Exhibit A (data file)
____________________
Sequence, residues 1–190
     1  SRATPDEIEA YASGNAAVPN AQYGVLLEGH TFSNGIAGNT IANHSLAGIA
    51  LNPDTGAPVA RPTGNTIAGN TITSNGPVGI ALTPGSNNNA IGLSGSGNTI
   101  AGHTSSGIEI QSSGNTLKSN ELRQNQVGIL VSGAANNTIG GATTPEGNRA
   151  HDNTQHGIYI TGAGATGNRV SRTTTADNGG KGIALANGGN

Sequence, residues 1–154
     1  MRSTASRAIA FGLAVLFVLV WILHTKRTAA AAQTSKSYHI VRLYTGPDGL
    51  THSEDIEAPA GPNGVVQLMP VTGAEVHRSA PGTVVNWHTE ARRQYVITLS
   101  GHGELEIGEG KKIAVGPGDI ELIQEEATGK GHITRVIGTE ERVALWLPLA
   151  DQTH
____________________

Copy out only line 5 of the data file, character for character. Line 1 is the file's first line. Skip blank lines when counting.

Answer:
   151  HDNTQHGIYI TGAGATGNRV SRTTTADNGG KGIALANGGN